Tastes Like Freedom
Katie Holmes could not be more adorable in Forest Whitaker’s by-the-booked romance. Whether dressed in gown and tiara or slacks and pert jacket, she’s plainly framed to recall Audrey Hepburn circa Roman Holiday, all long limbs and elegant angles. It’s a treat just to look at her.
But then she has this cumbersome plot around her, essentially a replay of Chasing Liberty, awkward and predictable, this time called First Daughter. Holmes plays Samantha MacKenzie, who’s grown up in the public eye, not by her own choice, as she reminds her mother Melanie (Margaret Colin—whom Holmes resembles almost uncannily in some shots), but because of those made by her parents. Sweet, uncomplaining, and relentlessly well-behaved, Sam endures groundbreakings, student assemblies, and Rose Garden photo ops, supporting her father (Michael Keaton), smiling alongside her mother, their outfits and poses cheerily coordinated.
Katie Holmes, Marc Blucas, Amerie, Michael Keaton, Margaret Colin, Lela Rochon Fuqua
(20th Century Fox)
US theatrical: 24 Sep 2004
Whitaker begins his film with his own voiceover, narrating Sam’s life as a fairytale: she’s “a little girl just like any other little girl,” entertaining her Secret Service detail—bald Agent Bock (Michael Milhoan) and silent Agent Dylan (Dwayne Adway)—with frogs and tea parties, happily ensconced with her loving if distracted parents in a Big White House. The film begins as Sam is leaving for (a fictional) college, 3,000 miles away in California, eager to begin a life of her own, even if she does have to be attended by agents every minute—and oh yes, even if her father is running for reelection, which means that no matter no matter how far away she might be, Sam must be on best behavior.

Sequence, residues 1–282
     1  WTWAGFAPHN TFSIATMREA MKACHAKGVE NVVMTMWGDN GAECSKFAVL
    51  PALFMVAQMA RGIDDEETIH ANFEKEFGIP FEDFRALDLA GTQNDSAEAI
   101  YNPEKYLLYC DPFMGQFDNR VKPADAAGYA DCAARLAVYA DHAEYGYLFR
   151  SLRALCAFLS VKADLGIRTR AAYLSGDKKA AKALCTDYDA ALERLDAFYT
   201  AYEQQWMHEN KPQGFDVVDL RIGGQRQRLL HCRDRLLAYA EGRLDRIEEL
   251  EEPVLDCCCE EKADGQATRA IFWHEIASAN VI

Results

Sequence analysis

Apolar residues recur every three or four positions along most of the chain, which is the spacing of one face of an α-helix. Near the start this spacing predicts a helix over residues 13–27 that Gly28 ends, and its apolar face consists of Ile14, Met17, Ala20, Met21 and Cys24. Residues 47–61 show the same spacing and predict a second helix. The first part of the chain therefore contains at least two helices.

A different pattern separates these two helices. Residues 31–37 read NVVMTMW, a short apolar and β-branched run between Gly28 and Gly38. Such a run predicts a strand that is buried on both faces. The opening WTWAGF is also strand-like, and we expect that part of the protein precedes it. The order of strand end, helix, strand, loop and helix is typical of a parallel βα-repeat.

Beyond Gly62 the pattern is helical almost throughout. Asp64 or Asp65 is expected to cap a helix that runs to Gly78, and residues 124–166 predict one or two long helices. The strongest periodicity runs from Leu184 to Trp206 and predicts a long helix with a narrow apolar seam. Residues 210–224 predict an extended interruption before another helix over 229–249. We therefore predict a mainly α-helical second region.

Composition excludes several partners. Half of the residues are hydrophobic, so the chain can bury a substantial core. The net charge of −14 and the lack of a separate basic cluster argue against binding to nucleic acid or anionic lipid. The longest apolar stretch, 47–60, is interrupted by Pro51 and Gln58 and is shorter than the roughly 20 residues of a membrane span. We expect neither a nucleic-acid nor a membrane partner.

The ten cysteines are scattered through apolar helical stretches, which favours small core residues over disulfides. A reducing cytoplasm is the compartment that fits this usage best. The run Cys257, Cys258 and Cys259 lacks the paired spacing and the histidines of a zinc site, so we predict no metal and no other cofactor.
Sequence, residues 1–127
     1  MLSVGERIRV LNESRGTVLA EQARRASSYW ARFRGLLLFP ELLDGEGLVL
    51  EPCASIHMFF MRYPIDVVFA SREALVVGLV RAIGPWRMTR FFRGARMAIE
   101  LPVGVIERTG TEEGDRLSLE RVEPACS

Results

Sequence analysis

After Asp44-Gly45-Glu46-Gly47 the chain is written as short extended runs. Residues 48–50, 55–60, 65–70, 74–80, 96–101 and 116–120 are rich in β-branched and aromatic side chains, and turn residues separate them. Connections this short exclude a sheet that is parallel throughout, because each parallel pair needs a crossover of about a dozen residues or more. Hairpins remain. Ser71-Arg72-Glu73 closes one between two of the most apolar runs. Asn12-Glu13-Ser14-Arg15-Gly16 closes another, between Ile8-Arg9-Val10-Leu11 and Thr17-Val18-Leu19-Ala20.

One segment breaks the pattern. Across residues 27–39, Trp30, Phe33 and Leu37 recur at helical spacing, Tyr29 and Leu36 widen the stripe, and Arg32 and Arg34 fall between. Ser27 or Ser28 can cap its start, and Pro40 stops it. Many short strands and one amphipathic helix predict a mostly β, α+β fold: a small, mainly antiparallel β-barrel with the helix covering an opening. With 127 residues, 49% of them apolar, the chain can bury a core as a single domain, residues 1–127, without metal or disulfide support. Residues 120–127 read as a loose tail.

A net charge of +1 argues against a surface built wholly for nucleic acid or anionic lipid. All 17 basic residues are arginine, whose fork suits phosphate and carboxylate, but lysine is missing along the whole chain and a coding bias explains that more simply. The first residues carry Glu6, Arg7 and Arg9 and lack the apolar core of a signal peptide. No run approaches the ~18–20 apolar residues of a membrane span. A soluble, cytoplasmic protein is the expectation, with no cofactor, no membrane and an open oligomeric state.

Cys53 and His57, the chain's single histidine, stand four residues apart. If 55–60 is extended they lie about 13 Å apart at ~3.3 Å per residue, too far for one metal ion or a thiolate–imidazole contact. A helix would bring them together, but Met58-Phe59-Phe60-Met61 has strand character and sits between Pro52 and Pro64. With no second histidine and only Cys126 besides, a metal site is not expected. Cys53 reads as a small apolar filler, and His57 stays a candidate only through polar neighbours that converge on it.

At school, she encounters the requisite black roommate, Mia (pop-soul singer Amerie), who encourages her to be adventurous, to go to arties and seek out hot boys. Sam has never done much of this, so she’s both appalled and intrigued by Mia’s vivacity, going so far as to attend a water-sliding fete, where’s she photographed by paparazzi looking rather wild. Upset, dad has his sensible assistant Liz (Lela Rochon Fuqua) sort it out, because the prez has so much on his mind that he can’t handle his own daily life details.
Just what other stuff this might be is neatly left out of First Daughter, which never quite gets to articulating his “stance on education” or his “position on the environment.” (Though it does include a couple of scenes that suggest anti-MacKenzie activism, one in the form of a campus rally where the featured denouncer is played by Parry Shen, and the second, completely weirdly, when a car crashes into a red-carpet event, leading to Sam’s immediate evacuation from the scene—what the crash might have meant is never mentioned: was it a suicide bomber or what?).